Like Auerbach and Hermann who keep the player’s gear and health in top working order, Quigley ensures the Royals rolling “home on the road” stays in great shape too. He supervises the loading process to ensure any last minute changes to the scientific loading algorithms are not required and will do what is needed to keep the bus in top working order for the players.

“On our long road trip to the Prairies a few weeks ago, it was -46 degrees with the wind chill and I didn’t turn the bus off for ten days.  Even if we had just plugged it in, I don’t think she would have started as the air lines would have frozen up, so I kept it running to make sure we could travel.”

“Are We There Yet?”

Long bus rides make for many hours where the players and coaches have to fill time with various activities to keep them busy. 

Judging by the number of pillows being taken on board, sleep is obviously one of those activities and can of course be important for the players and coaches to get, although it is not always easy to come by in the tight confines of a bus seat.

Other than trying to sleep, curled up in the fetal position at four in the morning, Head Coach Marc Habscheid likes to use bus time to do some work. “We are really fortunate on the bus that we can use our computers, so I’ll work on game plans, or work with some of the kids watching video of their shifts.”

When not working, Habscheid will try to watch whatever movie that the players have chosen, although he is not a big fan of their recent picks. “I’ve seen “Mall Rats” way too many times and if I have to watch that Adam Sandler movie “Billy Madison” one more time, I think I might stab myself in the eyes!”

Assistant Coach Enio Sacilotto likes to use bus and road time to socialize with his fellow coaches and the staff, as well as to catch up on his reading. “I am currently reading a book on leadership and management and recently completed the Howard Cosell story.  Keith Richard’s autobiography, which I read on our last long trip, was also very entertaining.”

As to the players, goaltender Keith Hamilton notes, “ bus trips are great for hanging with the other players and doing some team bonding, playing cards, watching movies, that kind of thing. If things quiet down, I’ll just relax and listen to some music on my iPod, country music mainly, or try and catch up on my sleep.”

Team Captain Hayden Rintoul concurs, “We do have fun on the bus, watching movies, listening to music and such, but we also have to make sure we keep the focus on hockey and make sure we approach each game the same way. I guess as Captain I help play a role in that, but that responsibility happens no matter if we are at home or on the road.”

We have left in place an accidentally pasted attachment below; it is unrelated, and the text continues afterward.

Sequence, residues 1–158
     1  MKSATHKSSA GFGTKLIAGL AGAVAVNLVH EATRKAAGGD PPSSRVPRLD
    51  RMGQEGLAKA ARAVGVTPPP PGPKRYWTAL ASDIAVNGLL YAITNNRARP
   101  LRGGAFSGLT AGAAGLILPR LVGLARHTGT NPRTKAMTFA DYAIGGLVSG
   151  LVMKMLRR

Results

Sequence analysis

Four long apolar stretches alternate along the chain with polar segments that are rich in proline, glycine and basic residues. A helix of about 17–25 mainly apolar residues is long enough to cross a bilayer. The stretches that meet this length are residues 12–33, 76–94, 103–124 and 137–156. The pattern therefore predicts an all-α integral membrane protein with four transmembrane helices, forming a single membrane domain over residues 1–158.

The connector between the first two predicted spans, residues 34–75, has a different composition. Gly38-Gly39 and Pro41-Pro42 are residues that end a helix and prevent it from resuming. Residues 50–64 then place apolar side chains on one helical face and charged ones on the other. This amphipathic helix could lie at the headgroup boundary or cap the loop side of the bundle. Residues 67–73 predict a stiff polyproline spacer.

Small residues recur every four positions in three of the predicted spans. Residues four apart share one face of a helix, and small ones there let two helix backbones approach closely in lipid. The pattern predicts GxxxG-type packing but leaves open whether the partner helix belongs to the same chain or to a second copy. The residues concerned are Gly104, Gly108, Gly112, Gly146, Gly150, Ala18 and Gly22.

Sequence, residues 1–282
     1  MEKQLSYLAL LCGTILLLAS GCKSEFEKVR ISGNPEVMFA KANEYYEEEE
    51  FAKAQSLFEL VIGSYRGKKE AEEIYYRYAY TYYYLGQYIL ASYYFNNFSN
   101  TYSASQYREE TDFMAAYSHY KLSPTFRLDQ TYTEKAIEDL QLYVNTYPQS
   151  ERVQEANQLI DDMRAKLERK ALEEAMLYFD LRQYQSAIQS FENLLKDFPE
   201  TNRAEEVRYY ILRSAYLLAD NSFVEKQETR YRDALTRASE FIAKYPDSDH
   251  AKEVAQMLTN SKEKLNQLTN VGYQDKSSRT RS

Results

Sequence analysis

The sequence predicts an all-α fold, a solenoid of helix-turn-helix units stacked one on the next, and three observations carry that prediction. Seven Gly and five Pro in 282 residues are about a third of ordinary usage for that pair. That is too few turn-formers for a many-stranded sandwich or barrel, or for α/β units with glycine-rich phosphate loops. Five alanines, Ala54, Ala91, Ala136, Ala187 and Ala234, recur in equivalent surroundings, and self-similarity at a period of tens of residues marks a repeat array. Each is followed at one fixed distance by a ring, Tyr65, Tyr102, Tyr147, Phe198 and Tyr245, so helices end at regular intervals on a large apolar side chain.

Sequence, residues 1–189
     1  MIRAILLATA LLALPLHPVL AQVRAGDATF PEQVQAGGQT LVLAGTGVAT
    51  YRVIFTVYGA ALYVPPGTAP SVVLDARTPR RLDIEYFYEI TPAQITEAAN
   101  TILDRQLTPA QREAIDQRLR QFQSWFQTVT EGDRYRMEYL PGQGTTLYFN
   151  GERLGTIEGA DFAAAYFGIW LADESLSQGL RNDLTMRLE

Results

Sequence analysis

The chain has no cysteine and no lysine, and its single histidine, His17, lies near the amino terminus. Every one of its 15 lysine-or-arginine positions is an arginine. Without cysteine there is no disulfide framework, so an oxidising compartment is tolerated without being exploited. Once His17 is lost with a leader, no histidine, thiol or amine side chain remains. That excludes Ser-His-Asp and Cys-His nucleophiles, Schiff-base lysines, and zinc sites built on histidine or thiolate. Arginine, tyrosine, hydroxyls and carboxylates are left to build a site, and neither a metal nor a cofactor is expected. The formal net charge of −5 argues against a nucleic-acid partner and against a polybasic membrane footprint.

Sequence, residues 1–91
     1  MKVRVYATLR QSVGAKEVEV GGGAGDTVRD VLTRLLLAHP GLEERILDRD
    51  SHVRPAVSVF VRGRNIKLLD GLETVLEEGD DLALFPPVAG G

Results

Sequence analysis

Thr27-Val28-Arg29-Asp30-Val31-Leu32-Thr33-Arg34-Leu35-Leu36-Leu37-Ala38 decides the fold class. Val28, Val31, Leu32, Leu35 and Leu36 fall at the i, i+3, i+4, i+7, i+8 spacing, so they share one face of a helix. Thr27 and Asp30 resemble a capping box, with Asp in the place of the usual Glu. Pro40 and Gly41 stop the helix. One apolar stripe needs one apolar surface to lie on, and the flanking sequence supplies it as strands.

“Homework? I Have Homework?”

Keeping up with their education is an important aspect of life for many Royals players and heading out on extended road trips can often make that task difficult.

Fortunately the Royals (and the WHL in general) all have good mechanisms and staff in place to assist players with this, and for the Royals, that key person is Assistant Coach Sacilotto.

“I serve as the team’s education liaison with the education coordinator Tammy Renyard at Vic High where many of the players attend. I keep in close contact with her to make sure the players are keeping up with their marks and organize tutors for them here at home as needed.  On the road, when they have study requirements that need to be completed, I’ll organize study sessions and sit with them to get it done.”

“We also have a few kids who are taking college courses so I work with our college education coordinator to make sure those course requirements are also being met.”

Forward Steven Hodges is one player who benefits from this. “Obviously it can be a challenge for us and the coaches to keep up with this as it takes time out of our schedule to do this.  The teachers at Vic High however are really accommodating and will give us extended time and due dates on projects and assignments as needed.  We also do lots of work on the road and on the bus and Enio has been great at helping us with that.” 

It is certainly in the player’s best interest to keep up with their school work, although Sacilotto notes that some are diligent at this and some aren’t.  “If kids don’t follow up on their work, and their grades slip, there is a potential that they will not play and be left out of the line-up, but with a bit of pushing from myself and the education coordinators, there is rarely a problem. We do have to twist their arms a bit sometimes, but generally they do the work that is required.”

“Where to Next?”

In closing, while life on the road for a WHL club can be hectic and monotonous and fraught with a range of challenges, it is clear that the Royals have the processes and people in place to ensure that things go as smooth as they can and that the team arrives safely at their destination and ready to play at the highest level possible.

With luck, here in their inaugural season, that will result in the Royals securing a playoff spot and a chance to compete for the WHL Championship. 

Who knows? Perhaps it is wishful thinking, but maybe the next lengthy road trip the Royals take will be to the 2012 Memorial Cup in Shawinigan, Quebec in May!